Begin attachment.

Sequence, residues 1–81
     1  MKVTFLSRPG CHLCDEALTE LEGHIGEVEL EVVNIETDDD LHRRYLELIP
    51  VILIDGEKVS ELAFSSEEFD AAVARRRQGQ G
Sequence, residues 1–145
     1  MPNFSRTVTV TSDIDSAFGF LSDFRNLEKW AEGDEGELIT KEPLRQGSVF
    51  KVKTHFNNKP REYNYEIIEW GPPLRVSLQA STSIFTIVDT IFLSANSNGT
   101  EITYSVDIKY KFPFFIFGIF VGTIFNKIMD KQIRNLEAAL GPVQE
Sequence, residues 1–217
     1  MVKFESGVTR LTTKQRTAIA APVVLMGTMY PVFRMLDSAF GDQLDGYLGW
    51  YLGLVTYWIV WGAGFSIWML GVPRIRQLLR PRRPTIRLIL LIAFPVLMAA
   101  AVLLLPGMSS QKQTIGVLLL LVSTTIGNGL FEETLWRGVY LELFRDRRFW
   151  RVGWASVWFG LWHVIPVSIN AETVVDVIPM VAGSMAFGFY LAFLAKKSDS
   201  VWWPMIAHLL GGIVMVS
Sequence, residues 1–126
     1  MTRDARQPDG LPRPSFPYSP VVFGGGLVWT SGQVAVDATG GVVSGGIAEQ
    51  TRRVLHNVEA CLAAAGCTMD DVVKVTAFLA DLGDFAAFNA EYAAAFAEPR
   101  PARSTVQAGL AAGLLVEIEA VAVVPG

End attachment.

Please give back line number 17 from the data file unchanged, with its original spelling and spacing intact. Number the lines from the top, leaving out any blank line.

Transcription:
   101  PARSTVQAGL AAGLLVEIEA VAVVPG